BLACKSBURG, Va., Nov. 5, 2012 – The Macromolecules and Interfaces Institute and the Fralin Life Science Institute at Virginia Tech are pleased to announce that David Tirrell, the Ross McCollum-William H. Corcoran Professor of Chemistry and Chemical Engineering and Director of the Beckman Institute at the California Institute of Technology, will be the Fralin-MII Visiting Scholar from Nov. 12-15.
Tirrell is a world-renowned polymer and materials scientist whose research involves the application of organic, biological, and materials chemistry to make new macromolecular systems of controlled size and shape and novel functional performance characteristics. A major focus of his research is the design and synthesis of new proteins based on the use of non-canonical amino acids in recombinant DNA techniques to prepare artificial proteins with specific design and performance characteristics. Tirrell’s contributions have earned him membership in the Institute of Medicine and the American Academy of Arts and Sciences. He has also won numerous medals and awards from various scientific societies.
Tirrell will deliver three lectures that demonstrate the progress and potential of using molecular genetics to bridge the gap between the synthetic polymer/materials sciences and the biology/protein sciences. These lectures are open to the entire Virginia Tech community and also to neighboring academic and industrial students and scientists. Lectures will be held in the ICTAS-I (headquarters) building seminar room (310). Tirrell will also be available to participate in informal faculty and student discussions. Meetings can be scheduled through the Macromolecules and Interfaces Institute office by contacting Tammy Jo Hiner. A list of hotels for overnight guests is also available.
"The theme of our successful Visiting Scholar activity is to enhance interdisciplinary interactions among the polymer and materials communities and the life science communities on the Virginia Tech campus and we are extremely pleased to sponsor our third visiting scholar in this series," said Dennis Dean, director of life sciences at Virginia Tech.
"Professor David Tirrell is the pioneer in bridging synthetic macromolecular science with the biology and biomedical engineering communities and we are delighted that he will share his science with our students and faculty," said S. Richard Turner, director of the Macromolecules and Interfaces Institute.
The overall theme of Tirrell's three lectures is summarized in the following title and description:
The genetic code, elucidated in the 1960s through the work of Nirenberg, Ochoa, Khorana and their coworkers, provides a set of molecular instructions for translating nucleic acids into proteins. Codons are assigned to amino acids through high-fidelity charging of transfer RNAs, and through accurate base-pairing between charged tRNAs and messenger RNA. Over the last decade, cells have been outfitted with modified translational machinery that enables the participation of an expanded set of amino acids in protein synthesis. These developments have stimulated a unified view of the chemistry of natural and synthetic macromolecules, and provide a basis for powerful new approaches to materials design, protein evolution, biological imaging, and proteome-wide analysis of cellular processes.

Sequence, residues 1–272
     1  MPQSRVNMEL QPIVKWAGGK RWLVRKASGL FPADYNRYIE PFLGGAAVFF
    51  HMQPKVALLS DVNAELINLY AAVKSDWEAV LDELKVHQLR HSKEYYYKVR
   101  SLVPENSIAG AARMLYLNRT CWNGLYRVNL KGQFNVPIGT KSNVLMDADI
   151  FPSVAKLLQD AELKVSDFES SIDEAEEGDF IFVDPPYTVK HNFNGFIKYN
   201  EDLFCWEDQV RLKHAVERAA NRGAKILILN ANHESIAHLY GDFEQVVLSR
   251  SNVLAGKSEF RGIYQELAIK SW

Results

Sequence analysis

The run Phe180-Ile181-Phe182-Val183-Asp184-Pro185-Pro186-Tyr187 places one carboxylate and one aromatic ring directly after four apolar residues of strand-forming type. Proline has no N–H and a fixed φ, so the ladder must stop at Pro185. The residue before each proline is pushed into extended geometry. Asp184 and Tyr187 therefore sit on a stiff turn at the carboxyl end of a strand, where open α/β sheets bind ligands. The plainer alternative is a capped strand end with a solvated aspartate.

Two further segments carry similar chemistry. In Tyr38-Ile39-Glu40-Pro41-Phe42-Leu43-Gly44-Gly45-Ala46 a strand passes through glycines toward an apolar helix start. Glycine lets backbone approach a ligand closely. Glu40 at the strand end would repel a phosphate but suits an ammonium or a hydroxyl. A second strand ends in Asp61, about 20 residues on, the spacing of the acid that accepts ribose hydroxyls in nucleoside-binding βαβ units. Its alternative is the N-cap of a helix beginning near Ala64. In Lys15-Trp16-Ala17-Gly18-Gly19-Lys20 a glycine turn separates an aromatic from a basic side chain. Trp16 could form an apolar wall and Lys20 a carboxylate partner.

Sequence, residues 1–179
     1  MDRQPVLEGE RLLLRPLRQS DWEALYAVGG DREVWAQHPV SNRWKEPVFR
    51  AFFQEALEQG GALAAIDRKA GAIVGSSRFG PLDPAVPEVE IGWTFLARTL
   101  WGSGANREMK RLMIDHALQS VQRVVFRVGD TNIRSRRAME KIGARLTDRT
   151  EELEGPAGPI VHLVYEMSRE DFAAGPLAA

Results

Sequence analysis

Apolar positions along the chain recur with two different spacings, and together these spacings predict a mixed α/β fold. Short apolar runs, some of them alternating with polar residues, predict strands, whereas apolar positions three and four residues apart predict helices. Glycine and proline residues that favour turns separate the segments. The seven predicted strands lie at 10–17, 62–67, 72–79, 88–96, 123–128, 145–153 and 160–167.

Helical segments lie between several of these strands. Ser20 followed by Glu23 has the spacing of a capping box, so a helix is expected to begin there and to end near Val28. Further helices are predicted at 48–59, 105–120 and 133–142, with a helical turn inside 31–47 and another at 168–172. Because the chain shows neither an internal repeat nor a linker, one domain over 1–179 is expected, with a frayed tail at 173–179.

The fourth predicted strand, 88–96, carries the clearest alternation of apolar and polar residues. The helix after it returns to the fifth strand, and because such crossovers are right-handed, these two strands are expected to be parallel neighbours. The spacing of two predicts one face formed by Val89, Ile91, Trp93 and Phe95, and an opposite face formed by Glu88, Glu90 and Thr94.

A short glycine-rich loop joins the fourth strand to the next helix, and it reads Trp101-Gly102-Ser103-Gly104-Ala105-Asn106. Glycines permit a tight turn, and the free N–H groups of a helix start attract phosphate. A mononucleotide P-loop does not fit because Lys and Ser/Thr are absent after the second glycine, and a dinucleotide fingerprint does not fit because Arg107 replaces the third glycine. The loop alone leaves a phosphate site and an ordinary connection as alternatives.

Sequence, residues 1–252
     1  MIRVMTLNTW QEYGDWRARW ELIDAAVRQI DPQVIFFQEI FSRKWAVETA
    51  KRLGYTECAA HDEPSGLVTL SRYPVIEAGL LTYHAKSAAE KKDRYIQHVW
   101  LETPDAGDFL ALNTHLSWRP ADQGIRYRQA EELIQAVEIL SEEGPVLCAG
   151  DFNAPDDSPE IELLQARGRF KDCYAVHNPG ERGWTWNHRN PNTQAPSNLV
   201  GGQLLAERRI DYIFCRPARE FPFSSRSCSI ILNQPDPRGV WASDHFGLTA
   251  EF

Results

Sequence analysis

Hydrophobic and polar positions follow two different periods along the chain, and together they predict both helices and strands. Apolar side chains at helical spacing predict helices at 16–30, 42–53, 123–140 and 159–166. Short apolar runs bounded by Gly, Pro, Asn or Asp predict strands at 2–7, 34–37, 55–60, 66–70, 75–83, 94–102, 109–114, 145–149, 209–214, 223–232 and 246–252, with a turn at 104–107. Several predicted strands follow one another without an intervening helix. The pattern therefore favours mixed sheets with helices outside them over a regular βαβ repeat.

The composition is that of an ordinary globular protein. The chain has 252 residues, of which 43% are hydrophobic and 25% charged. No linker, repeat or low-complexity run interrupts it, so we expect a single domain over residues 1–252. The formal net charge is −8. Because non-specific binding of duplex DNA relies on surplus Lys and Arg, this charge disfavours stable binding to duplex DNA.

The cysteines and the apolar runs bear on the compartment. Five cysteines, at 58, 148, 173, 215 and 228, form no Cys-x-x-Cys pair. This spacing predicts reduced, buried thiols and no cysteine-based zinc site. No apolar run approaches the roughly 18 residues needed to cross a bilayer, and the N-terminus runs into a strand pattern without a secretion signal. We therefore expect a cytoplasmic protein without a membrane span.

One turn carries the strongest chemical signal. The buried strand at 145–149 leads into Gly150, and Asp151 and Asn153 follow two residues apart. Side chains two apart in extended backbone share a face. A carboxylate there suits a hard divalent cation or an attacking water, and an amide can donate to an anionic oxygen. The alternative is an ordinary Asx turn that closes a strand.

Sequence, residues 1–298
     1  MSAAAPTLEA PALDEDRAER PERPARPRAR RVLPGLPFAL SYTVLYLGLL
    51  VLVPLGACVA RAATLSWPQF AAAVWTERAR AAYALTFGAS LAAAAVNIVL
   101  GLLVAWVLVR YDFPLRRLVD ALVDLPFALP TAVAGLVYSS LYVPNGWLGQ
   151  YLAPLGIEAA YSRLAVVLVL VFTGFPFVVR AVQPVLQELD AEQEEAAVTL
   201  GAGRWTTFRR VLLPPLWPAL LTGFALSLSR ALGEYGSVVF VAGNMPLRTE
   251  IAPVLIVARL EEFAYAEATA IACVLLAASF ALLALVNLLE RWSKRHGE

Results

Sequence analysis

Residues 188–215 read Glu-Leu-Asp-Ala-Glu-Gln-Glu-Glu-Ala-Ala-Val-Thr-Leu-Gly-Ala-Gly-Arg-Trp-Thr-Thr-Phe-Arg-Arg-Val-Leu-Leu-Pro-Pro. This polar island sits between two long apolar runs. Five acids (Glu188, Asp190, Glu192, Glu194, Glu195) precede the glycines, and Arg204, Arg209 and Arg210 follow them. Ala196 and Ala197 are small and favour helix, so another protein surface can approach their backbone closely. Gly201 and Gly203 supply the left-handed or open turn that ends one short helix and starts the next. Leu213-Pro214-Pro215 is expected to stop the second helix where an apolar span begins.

The specific titles, location and times of each lecture are listed below:
In procedures similar to those used in isotopic labeling, translationally active ncAAs are incorporated into proteins during a “pulse” in which newly synthesized proteins are tagged. The set of tagged proteins can be distinguished from those made prior to the pulse through bio-orthogonal ligation of the ncAA side chain to probes that permit detection, isolation, and visualization of the labeled proteins. The selectivity of the method can be enhanced through the use of mutant aminoacyl-tRNA synthetases (aaRSs) that permit incorporation of ncAAs that are not used by the endogenous machinery. Controlled expression of mutant synthetases has been combined with ncAA-tagging to permit cell-selective and state-selective metabolic labeling of proteins. Expression of a mutant synthetase in a subset of cells in a complex cellular mixture -- or in a live animal -- restricts labeling to that subset; proteins synthesized in cells that do not express the synthetase are neither labeled nor detected.
A premiere Research Institute of Virginia Tech, the Fralin Life Science Institute enables and enhances collaborative efforts in research, education, and outreach within the Virginia Tech life science community through strategic investments that are often allied with colleges, departments, and other institutes.